Who saith that some time the last year, he heard the negroes were all to be freed on New Year’s Day. That Nanny Grig (a negro woman at Simmons’, who said she could read) was the first person who told the negroes at Simmons’ so: and she said she had read it in the newspapers, and that her master was very uneasy at it: That she was always talking about it to the negroes, and told them that they were all damned fools to work, for that she would not, as freedom they were sure to get. That, about a fortnight after New Year’s Day, she said the negroes were to be freed on Easter Monday, and the only way to get it was to fight for it, otherwise they would not get it; and the way they were to do, was to set fire, as that was the way they did in Saint Domingo.
Further saith that Jackey, the driver at Simmons’, said he would send to the other drivers and rangers, and to the head, and to Busso (at Bayley’s), to turn out on Easter Monday to give the country a light, and let everybody know what it was for: and that John (at Simmons’) was the person who carried the summons from Jackey. That Jackey was one of the head men of the insurrection and that the reason he came to hear these things, was because Jackey’s children were fond of him, and he was in the habit of going to Jackey’s house and playing with his children.
He further saith, that on Easter Day, Jackey (at Simmons’) told Mingo to go about and pick up all the men, and muster them up at his house, and he would tell them what to do. That in the evening, when the whip snapped, all Simmons’ people came out to know what it snapped for; and after they came as far as the watermill, Jackey told them what it was for. That Jackey, Mingo, and John Baynes went towards Judge Gittens’ and shortly afterwards two fields of canes in that direction were set on fire.
That King William (of Sunberry) came to Simmons’ estate on Monday forenoon with a red coat and gun, with a gang and then gave orders to break up and burn; and gave orders to William Green of Congo Road to set fire to the trash heap.
That Prince William of The Grove came also on Monday forenoon on horseback with the gang with a sword in his hand, holding it upright over the horse’s head, and gave orders to lick down the sick house, and also to burn the field of canes above the sick house; and rode about the yard, and ordered the mill to be put in the wind.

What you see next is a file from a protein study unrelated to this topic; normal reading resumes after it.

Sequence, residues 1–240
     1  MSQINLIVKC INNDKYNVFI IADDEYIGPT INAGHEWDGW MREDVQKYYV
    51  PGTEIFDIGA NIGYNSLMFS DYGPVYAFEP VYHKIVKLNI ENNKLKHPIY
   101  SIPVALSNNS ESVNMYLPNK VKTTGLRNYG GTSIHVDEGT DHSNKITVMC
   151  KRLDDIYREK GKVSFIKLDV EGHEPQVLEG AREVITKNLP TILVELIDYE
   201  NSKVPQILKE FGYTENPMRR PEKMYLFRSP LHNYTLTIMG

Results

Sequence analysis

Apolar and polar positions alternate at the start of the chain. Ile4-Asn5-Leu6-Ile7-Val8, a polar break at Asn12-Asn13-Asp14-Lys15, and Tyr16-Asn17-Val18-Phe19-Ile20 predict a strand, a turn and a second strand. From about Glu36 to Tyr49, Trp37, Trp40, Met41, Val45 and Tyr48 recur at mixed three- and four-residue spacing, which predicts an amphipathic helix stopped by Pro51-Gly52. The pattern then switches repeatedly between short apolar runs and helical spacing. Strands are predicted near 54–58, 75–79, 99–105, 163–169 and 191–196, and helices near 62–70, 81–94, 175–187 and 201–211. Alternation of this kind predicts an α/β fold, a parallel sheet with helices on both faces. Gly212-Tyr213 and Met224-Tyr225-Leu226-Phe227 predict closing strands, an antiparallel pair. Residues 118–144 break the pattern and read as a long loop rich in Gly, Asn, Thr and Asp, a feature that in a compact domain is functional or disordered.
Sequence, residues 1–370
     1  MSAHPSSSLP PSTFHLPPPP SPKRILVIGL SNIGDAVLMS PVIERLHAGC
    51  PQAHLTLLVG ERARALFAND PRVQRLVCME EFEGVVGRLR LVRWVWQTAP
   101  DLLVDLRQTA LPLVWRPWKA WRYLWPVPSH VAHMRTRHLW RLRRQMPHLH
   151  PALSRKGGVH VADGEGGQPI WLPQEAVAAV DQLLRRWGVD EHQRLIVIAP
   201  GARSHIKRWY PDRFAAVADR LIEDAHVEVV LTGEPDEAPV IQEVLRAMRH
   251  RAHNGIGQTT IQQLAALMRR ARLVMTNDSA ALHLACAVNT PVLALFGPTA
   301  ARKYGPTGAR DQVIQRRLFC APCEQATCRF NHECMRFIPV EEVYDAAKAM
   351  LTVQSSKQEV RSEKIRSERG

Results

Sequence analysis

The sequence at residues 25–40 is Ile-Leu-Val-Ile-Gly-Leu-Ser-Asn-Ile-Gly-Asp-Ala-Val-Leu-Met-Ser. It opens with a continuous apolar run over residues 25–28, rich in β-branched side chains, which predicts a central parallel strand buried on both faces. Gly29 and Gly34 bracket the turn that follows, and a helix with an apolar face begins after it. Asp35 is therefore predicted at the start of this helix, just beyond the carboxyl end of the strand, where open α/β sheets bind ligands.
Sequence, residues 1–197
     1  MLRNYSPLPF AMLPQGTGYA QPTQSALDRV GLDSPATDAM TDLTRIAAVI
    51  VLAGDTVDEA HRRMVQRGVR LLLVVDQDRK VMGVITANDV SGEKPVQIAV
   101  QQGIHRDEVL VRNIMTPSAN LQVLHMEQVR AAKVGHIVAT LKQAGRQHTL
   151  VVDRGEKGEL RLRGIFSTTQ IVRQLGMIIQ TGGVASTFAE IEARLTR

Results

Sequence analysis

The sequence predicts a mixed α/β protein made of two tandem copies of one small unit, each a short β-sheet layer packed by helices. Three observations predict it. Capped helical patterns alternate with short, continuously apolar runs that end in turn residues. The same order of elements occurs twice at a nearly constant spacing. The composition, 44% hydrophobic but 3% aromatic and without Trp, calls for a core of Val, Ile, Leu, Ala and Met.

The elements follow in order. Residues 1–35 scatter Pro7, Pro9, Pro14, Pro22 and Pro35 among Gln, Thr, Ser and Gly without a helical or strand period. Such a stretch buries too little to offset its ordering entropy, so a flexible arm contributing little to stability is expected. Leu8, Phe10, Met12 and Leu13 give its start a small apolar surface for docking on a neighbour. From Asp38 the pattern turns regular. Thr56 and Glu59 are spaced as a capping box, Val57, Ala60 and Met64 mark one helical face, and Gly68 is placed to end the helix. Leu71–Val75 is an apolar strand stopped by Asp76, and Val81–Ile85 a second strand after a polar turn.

That Toby, of The Chapel, came with a gun in his hand, and gave orders to shoot every one that did not join them, and marched about the yard with a gun on his shoulder. And that Little Sambo, belonging to The Adventure, came with the gang to Simmons’, armed with a sword and began to lick down the old mill door in which they kept provisions.
That Jack, belonging to Mr Doughty, had a sword and a long knife in his hands, and came up to him (Robert) and said, “I will chop you down if you do not join us.” And that Thomas, from Congo Road, came with the gang of rebels on Monday forenoon, and was the first that began to chop at the boiling house door, with a hatchet; and ordered Mingo (belonging to Congo Road) to take charge of a box of carpenters’ tools which was in the boiling house.
That a man called Charles, belonging to Sandford’s, was on horseback with the gang, and rode about the yard giving orders. And that Thomas, belonging to Mr Carter, came armed with a sword, and was the first to lick down the door of the sick house.”
These then are just a few of the testimonies of our ancestors at that critical phase of the history of our nation 200 years ago. May our generation summon up the self-respect and wisdom to listen carefully and respectfully to these ancestral voices!
(David Comissiong is president of the Clement Payne Movement)